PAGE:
Porsche's only purpose-built F1 car, the 804 (photo: Dominic James)
Porsche's only purpose-built F1 car, the 804 (photo: Dominic James)

Goodwood Festival of Speed 2018 – Report and Photos

The Goodwood Festival of Speed 2018 was held July 12-15 at Goodwood House and the 9-turn, 1.16-mile Goodwood hill climb in West Sussex, England. Staged since 1993 on the same stretch of the March family’s driveway, this year’s event celebrated the 25th anniversary of the Festival of Speed with an impressive lineup of past legends and future stars.

Porsche celebrated its 70th anniversary at the 2018 Goodwood Festival of Speed presented by Mastercard. The Central Feature paid homage to this landmark achievement as the centrepiece of the event.

This year’s Festival also featured 70 years of Jaguar’s XK, 60 years of British racing car constructor Lola and ‘The Cosworth Years’ of Formula 1 with a raft of legendary Grand Prix cars powered by this engine, plus several major rivals. Standouts included the Lotus 49B, which kickstarted the DFV hegemony, plus the Championship-winning Matra MS80 which was steered up the Hill by three-time drivers’ title holder, Sir Jackie Stewart. The racing knight was also out in the Tyrrell 003 owned by his son, former F3000 driver Paul Stewart.

Another star being reunited with an old flame in this class was Emerson Fittipaldi in a McLaren M23. The Brazilian superstar shared the car with former IndyCar ace, Gil de Ferran. Ex-GP driver and World Sports-Prototype Champion Martin Brundle, meanwhile, was out in the Collier Automotive Museum’s sublime Eagle-Weslake aboard which Dan Gurney won the 1967 Belgian GP. Ferrari fans were also well served with legendary single-seaters including the ex-Niki Lauda 312 B3.

Some of the fastest cars ever to scorch the asphalt stormed the Goodwood Hillclimb during the Michelin Supercar Run. Blue chip brand Ferrari made its presence felt by fielding limited series hypercars such as the FXX K Evo and LaFerrari Aperta, while McLaren wowed the crowds with the new Senna edition. Boutique brands were also using the event to showcase their wares, with the likes of the Apollo Intense Emozione, Nio EP9 and W Motors Fenyr Supersport performing in front of an appreciative Festival audience for the first time.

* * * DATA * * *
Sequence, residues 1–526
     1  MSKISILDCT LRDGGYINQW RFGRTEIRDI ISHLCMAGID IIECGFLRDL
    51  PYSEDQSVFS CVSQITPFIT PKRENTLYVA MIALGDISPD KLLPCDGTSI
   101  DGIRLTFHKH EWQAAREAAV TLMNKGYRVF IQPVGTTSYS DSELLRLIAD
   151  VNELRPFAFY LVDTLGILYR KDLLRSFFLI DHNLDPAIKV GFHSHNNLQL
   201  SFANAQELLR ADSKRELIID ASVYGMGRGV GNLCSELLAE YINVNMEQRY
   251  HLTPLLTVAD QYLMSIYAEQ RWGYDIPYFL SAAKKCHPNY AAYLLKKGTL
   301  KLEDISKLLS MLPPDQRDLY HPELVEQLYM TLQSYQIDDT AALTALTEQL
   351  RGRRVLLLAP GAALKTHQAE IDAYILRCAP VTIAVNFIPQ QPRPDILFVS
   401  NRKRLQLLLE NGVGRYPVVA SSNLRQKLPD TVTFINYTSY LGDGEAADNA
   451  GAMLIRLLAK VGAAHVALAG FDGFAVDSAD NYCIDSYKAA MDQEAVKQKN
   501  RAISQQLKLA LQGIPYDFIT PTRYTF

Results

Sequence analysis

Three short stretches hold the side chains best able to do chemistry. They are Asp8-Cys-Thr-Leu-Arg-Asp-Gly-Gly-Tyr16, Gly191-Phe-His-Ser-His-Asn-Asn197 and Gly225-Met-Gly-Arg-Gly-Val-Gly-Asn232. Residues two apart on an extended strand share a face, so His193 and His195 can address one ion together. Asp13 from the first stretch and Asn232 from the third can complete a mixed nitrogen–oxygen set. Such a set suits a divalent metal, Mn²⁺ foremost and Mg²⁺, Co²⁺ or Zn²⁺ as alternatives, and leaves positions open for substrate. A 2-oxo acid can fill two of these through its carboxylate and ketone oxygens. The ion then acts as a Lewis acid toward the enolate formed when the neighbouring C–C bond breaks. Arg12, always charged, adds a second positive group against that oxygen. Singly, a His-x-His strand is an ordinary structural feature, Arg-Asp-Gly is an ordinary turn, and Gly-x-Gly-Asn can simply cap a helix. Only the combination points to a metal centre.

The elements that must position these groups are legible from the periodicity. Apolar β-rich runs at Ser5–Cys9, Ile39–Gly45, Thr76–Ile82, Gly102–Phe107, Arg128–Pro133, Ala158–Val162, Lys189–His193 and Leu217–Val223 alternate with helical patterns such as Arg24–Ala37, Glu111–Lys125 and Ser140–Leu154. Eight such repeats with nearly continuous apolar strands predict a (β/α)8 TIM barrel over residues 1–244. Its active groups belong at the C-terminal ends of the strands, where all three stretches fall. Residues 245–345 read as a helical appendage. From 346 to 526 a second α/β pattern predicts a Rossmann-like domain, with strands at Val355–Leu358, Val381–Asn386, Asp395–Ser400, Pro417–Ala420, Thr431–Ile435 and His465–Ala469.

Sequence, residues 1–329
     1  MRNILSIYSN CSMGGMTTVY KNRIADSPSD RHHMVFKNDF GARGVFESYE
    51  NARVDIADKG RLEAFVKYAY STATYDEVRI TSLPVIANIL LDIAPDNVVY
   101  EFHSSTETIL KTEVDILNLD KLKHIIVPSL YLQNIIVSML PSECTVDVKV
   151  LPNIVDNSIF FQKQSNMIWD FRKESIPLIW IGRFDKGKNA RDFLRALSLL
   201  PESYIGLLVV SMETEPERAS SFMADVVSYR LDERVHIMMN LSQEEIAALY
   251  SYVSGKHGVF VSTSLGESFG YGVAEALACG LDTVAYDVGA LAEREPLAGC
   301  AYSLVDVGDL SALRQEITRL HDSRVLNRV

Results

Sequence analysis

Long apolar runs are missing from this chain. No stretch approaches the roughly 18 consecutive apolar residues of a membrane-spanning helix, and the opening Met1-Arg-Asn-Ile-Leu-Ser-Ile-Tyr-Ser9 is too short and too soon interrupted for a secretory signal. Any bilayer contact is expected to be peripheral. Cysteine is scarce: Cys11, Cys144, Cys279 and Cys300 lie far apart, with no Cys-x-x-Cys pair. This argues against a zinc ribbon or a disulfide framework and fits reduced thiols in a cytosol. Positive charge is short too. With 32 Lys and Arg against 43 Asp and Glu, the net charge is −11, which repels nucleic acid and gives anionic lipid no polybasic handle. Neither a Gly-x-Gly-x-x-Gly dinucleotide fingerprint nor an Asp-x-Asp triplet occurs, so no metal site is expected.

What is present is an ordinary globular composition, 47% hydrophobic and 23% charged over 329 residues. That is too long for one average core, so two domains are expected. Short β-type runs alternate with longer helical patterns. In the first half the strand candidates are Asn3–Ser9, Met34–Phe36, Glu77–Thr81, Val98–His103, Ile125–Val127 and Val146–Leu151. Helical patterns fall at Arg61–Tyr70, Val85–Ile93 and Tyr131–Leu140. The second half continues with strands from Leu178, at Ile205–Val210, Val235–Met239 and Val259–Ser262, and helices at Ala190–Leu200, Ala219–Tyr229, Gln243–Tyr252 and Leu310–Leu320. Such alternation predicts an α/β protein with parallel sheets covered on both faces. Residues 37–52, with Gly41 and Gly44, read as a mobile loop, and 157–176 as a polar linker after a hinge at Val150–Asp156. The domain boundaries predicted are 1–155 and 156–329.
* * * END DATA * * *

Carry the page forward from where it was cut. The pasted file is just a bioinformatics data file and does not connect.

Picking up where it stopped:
Romain Dumas brought the curtain down on the 2018 Goodwood Festival of Speed presented by Mastercard. The Frenchman emerged victorious following a thrilling Top Ten Shootout, and mustered the third fastest ascent of the Hill in the Festival’s 25-year history. The former Le Mans winner managed a time of 43.86sec aboard the four-wheel drive Volkswagen I.D R Pikes Peak hillclimber, marking the first time an electric car has claimed the prize.

However, his wasn’t the only car without an internal combustion engine to star. Veteran GT driver Peter Dumbreck guided the electric, all-wheel drive NIO EP9 hypercar to a time of 44.32sec, despite putting two wheels on the grass. The Scot was travelling at 118mph before he arrived at Molecomb Corner!

Third place in the final tally, and first driver home using a car home using piston power, was Jorg Weidinger aboard Klaus Wohlfarth’s Judd V8-engined BMW E36. The screaming coupe crossed the timing beam after just 46.43sec. Not as fast, but impressing greatly, was Mike Skinner in his V8 Toyota NASCAR pick-up. The American blasted across the line in 48.25sec, his speed at the finish being 140.3mph.

British teenage sensation, Billy Monger, defied his disabilities to record a time of 48.31 in his two-litre Carlin F3 car. It was a remarkable showing for the Festival debutante, just a year on from suffering horrific injuries in a racing accident which resulted in him losing his legs.

Similar to 2009, 2010, 2011, 2012, 2013, 2014, 2015, 2016 and 2017, Sports Car Digest also documented the Goodwood Festival of Speed 2018, with the following images that capture the spirit of the “largest motoring garden party in the world”.

Goodwood Festival of Speed 2018 – Photo Gallery (photos: Goodwood, as credited)

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  1. And was the photo of the white XK 120 thrown in as an afterthought to appease those who thought they were about see a gallery of real cars ?

    1. I agree with you Michael, disappointing to not see photos of a wider sample of the cars present !

  2. With the huge wide “slick” tires and large diameter…the drivers still want the “wings” added.?..so basically there is skill left to the driver..Speed around the track is not really important. In say 1962 the F1 cars had narrow normal tires and it did take skill to drive them then year by year were larger diameter and wider. I like to watch at Silverstone drivers at times in opposite lock. I used to drive in Rallies at racing speeds in the early 60’s.

  3. Idiot comments… except mine. After all, it is titled the ‘FESTIVAL OF SPEED’. Not the ‘Festival of Parked’.